Otilonium bromide

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Otilonium bromide
Otilonium bromide.png
Clinical data
Trade namesSpasmoctyl 40, Doralin
AHFS/Drugs.comInternational Drug Names
ATC code
Identifiers
PubChem CID
ChemSpider
UNII
KEGG
ECHA InfoCard100.043.128 Edit this at Wikidata
Chemical and physical data
FormulaC29H43BrN2O4
Molar mass563.57 g/mol
3D model (JSmol)
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Otilonium bromide is an antimuscarinic and calcium channel blocker used to relieve spasmodic pain of the gut, especially in irritable bowel syndrome.[1]

Medical uses[edit]

A pooled analysis of three clinical trials suggest that otilonium is more effective than placebo for the treatment of irritable bowel syndrome.[2]

Pharmacology[edit]

Otilinium binds to both muscarinic receptors and tachykinin NK2 receptors.[3] It has been shown to inhibit L-type and T-type calcium channels, actions which may contribute to or determine its effects in the gut.[4][5]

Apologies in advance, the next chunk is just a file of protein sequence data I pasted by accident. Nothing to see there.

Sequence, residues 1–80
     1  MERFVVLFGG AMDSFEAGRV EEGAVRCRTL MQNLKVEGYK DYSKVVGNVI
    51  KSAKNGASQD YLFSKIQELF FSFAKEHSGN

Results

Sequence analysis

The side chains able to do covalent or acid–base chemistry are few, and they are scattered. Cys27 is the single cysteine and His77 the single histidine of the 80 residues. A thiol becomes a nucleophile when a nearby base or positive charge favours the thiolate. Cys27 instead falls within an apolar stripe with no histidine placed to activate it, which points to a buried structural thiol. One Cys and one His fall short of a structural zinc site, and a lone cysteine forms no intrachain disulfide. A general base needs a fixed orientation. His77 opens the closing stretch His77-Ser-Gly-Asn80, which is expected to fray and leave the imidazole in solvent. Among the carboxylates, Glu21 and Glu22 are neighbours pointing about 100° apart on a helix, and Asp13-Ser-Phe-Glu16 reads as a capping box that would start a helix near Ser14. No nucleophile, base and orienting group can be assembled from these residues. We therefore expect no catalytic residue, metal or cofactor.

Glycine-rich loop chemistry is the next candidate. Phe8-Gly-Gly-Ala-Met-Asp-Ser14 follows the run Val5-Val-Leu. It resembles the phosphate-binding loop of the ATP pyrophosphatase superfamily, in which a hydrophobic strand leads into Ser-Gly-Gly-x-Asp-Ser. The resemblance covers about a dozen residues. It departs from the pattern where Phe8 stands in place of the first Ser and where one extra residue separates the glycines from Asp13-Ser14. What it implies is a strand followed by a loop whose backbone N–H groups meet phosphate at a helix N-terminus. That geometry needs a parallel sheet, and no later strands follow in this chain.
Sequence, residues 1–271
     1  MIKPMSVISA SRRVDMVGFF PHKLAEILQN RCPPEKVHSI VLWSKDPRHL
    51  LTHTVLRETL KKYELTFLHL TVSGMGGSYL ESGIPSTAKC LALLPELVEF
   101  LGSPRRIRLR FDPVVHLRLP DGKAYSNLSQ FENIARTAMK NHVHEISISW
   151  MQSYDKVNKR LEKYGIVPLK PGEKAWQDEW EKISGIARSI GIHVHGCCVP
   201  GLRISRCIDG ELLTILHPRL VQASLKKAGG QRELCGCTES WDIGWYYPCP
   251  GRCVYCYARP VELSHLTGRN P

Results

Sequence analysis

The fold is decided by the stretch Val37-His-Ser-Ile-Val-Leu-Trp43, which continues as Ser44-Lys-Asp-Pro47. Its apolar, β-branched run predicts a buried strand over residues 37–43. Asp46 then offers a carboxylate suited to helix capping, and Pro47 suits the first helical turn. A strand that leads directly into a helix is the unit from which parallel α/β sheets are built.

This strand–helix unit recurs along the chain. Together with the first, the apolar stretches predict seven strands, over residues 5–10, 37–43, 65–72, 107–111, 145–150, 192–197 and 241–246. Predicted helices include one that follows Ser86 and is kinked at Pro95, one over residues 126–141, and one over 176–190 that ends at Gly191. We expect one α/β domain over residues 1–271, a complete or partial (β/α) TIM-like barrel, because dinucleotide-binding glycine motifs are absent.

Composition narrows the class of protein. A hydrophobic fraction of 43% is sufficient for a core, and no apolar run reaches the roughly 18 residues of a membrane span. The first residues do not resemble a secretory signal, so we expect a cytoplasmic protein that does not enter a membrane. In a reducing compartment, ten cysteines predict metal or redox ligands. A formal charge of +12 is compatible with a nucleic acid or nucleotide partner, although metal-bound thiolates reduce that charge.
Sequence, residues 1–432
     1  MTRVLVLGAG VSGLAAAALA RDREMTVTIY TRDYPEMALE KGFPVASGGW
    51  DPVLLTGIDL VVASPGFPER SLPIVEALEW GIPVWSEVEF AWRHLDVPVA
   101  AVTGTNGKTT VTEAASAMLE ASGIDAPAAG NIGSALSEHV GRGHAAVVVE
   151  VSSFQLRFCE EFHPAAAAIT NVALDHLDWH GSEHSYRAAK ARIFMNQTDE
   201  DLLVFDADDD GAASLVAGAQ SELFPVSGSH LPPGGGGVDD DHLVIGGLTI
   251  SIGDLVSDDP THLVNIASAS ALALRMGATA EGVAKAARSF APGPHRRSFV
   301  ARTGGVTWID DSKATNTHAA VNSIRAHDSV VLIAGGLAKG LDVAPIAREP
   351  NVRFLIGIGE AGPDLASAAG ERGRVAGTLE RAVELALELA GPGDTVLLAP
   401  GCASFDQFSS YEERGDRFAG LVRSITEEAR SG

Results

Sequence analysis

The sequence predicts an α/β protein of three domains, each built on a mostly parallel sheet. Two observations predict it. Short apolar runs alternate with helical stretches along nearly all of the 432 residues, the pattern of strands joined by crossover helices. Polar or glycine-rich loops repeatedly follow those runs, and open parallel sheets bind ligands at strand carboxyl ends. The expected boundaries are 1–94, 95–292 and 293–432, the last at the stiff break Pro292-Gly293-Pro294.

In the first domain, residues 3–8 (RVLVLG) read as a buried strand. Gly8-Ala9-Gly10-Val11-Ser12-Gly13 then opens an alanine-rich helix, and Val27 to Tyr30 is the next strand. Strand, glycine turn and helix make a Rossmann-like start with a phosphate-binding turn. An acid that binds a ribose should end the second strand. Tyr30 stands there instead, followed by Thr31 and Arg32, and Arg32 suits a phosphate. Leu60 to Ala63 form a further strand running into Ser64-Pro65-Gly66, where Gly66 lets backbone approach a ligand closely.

When taken orally, very little of the drug is absorbed into the rest of the body,[6] which means that most of its actions remain confined to the gastrointestinal system.

References[edit]

  1. ^ "Dismox" (PDF). Archived from the original (PDF) on 4 March 2016.
  2. ^ Clavé, P; Tack, J (March 2017). "Efficacy of otilonium bromide in irritable bowel syndrome: a pooled analysis". Therapeutic advances in gastroenterology. 10 (3): 311–322. doi:10.1177/1756283X16681708. PMC 5305018. PMID 28246548.
  3. ^ Evangelista, S (1999). "Otilonium bromide: a selective spasmolytic for the gastrointestinal tract". The Journal of international medical research. 27 (5): 207–22. doi:10.1177/030006059902700501. PMID 10689627.
  4. ^ Martin, MT; Hove-Madsen, L; Jimenez, M (April 2004). "Otilonium bromide inhibits muscle contractions via L-type calcium channels in the rat colon". Neurogastroenterology & Motility. 16 (2): 175–83. doi:10.1111/j.1365-2982.2004.00518.x. PMID 15086871.
  5. ^ Strege, PR; Sha, L; Beyder, A; Bernard, CE; Perez-Reyes, E; Evangelista, S; Gibbons, SJ; Szurszewski, JH; Farrugia, G (May 2010). "T-type Ca(2+) channel modulation by otilonium bromide". American Journal of Physiology. Gastrointestinal and Liver Physiology. 298 (5): G706–13. doi:10.1152/ajpgi.00437.2009. PMC 2867415. PMID 20203058.
  6. ^ Shin, BS; Kim, JJ; Kim, J; Hu, SK; Kim, HJ; Hong, SH; Kim, HK; Lee, HS; Yoo, SD (January 2008). "Oral bioavailability and enterohepatic recirculation of otilonium bromide in rats". Archives of Pharmacal Research. 31 (1): 117–24. doi:10.1007/s12272-008-1129-2. PMID 18277617.